Epidermal Nevus with Epidermolytic Hyperkeratosis: A Case Report

Epidermal Nevus with Epidermolytic Hyperkeratosis: A Case Report


*Fatima K,1 Banu SG,2 Kamal M3


  1. *Dr. Kaniz Fatima, Resident, Phase-B, Department of Pathology, Bangabandhu Sheikh Mujib Medical University (BSMMU).joty2005.kfz@gmail.com
  2. Sultana Gulshana Banu, Associate Professor, Department of Pathology, Bangabandhu Sheikh Mujib Medical University (BSMMU).
  3. Mohammed Kamal, Professor, Department of Pathology, Bangabandhu Sheikh Mujib Medical University (BSMMU).





Epidermal nevus has various histological patterns. Epidermal nevus having features of epidermolytic hyperkeratosis is a rare condition. This lesion is clinically indistinguishable from other epidermal nevi but shows characteristic histological features. Diagnosis of this entity is important management. Epidermolytic hyperkeratosis is an autosomal dominant disease. Offspring of these patients may have generalized epidermolytic hyperkeratosis. Here we present a case of 12 years old boy with Epidermal nevus with epidermolytic hyperkeratosis, which is a rare entity.

[Journal of Histopathology and Cytopathology, 2020 Jan; 4 (1):65-69]

 Keywords: Epidermal nevus, Epidermolytic hyperkeratosis, Generalized epidermolytic hyperkeratosis, Line of Blaschko.


Epidermal nevus comprises a heterogenous group of diseases. It is a congenital non-inflammatory cutaneous hamartoma. It may occur sporadically or as a part of several syndromes. The condition affects 1 in 1000 people in the world.1 Histologically, epidermal nevi are composed of keratinocytes, apocrine glands, eccrine glands, sebaceous glands or other components of pilosebaceous unit. Epidermal nevi are traditionally asymptomatic. Small number of cases of epidermal nevi show histologic features of epidermolysis hyperkeratosis. Epidermolytic hyperkeratosis has been observed in variety of benign and malignant skin condition or hereditary disorders. Epidermal nevus with epidermolysis hyperkeratosis has a significant clinical importance. This patient carries the risk of parenting a child of gerneralizedepidermolytichyperkeratosis.2 We report a case of epidermal nevus showing epidermolytic hyperkeratosis in a 12 year old boy for the rarity of the entity.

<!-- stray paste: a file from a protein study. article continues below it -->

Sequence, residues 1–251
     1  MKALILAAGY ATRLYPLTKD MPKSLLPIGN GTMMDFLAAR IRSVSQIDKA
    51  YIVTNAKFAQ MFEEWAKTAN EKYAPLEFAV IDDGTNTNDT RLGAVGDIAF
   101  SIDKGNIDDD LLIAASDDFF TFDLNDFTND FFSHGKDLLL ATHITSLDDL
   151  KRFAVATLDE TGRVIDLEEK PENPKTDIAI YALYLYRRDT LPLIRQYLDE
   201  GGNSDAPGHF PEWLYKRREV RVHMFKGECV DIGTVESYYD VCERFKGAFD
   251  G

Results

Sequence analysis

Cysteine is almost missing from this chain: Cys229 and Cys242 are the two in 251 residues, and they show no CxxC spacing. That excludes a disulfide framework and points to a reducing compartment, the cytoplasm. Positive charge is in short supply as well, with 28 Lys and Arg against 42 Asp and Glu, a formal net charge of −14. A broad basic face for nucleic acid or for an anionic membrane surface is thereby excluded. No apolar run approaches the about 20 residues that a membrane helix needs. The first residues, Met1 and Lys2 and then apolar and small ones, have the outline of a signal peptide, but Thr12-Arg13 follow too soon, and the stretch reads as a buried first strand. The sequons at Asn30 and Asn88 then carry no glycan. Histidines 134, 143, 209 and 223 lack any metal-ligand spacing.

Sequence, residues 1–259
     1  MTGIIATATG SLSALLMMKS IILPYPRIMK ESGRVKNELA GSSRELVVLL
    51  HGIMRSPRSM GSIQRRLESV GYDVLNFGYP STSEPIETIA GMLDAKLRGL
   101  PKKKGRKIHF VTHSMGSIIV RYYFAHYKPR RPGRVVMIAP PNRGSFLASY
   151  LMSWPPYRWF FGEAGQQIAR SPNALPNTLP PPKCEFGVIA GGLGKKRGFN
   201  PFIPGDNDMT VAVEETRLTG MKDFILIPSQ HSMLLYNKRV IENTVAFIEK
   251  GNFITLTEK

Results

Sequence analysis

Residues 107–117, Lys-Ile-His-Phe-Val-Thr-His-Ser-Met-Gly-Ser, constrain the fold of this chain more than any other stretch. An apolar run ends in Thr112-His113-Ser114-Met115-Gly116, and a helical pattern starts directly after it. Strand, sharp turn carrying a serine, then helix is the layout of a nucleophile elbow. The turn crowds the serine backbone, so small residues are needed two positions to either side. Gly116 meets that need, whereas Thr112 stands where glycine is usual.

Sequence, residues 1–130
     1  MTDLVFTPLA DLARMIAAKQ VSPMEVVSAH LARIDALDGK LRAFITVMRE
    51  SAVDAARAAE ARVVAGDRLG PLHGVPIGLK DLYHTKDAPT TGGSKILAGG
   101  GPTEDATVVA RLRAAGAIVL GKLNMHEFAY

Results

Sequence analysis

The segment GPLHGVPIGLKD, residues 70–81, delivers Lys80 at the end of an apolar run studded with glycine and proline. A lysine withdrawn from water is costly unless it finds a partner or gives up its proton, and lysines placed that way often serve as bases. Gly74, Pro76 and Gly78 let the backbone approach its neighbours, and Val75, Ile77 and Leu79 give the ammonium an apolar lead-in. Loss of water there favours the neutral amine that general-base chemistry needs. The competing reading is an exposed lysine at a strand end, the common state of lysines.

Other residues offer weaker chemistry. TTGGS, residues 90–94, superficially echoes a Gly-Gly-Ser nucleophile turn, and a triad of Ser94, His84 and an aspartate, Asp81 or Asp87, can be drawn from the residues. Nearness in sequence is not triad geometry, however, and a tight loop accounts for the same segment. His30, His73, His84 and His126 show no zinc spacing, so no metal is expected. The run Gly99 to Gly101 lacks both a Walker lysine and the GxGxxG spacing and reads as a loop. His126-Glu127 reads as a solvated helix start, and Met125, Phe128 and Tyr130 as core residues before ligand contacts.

Case report

A 12 year old boy of a non-consanguineous parentage, presented with non-pruritic, dark coloured elevated skin eruptions since birth. The lesion was first observed over the dorsum of right foot. After that lesions gradually appeared in front of leg and thigh, lower abdomen and flexor aspect of both forearm. Lesions were not related with any seasonal variation. Patient had a normal birth history and developmental milestones. Right sided extremities were more involved than left side.Examination revealed numerous hyperpigmented warty papules distributed in both extremities and lower abdomen (Figure. 1 and 2).  Hair, nails and oral mucosa were normal. Other system examination revealed no abnormality. No laboratory investigation was done.